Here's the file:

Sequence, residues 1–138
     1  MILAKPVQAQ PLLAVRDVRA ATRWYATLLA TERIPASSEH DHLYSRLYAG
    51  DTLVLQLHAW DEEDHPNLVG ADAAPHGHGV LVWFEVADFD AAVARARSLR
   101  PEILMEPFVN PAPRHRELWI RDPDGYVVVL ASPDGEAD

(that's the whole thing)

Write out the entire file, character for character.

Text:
Sequence, residues 1–138
     1  MILAKPVQAQ PLLAVRDVRA ATRWYATLLA TERIPASSEH DHLYSRLYAG
    51  DTLVLQLHAW DEEDHPNLVG ADAAPHGHGV LVWFEVADFD AAVARARSLR
   101  PEILMEPFVN PAPRHRELWI RDPDGYVVVL ASPDGEAD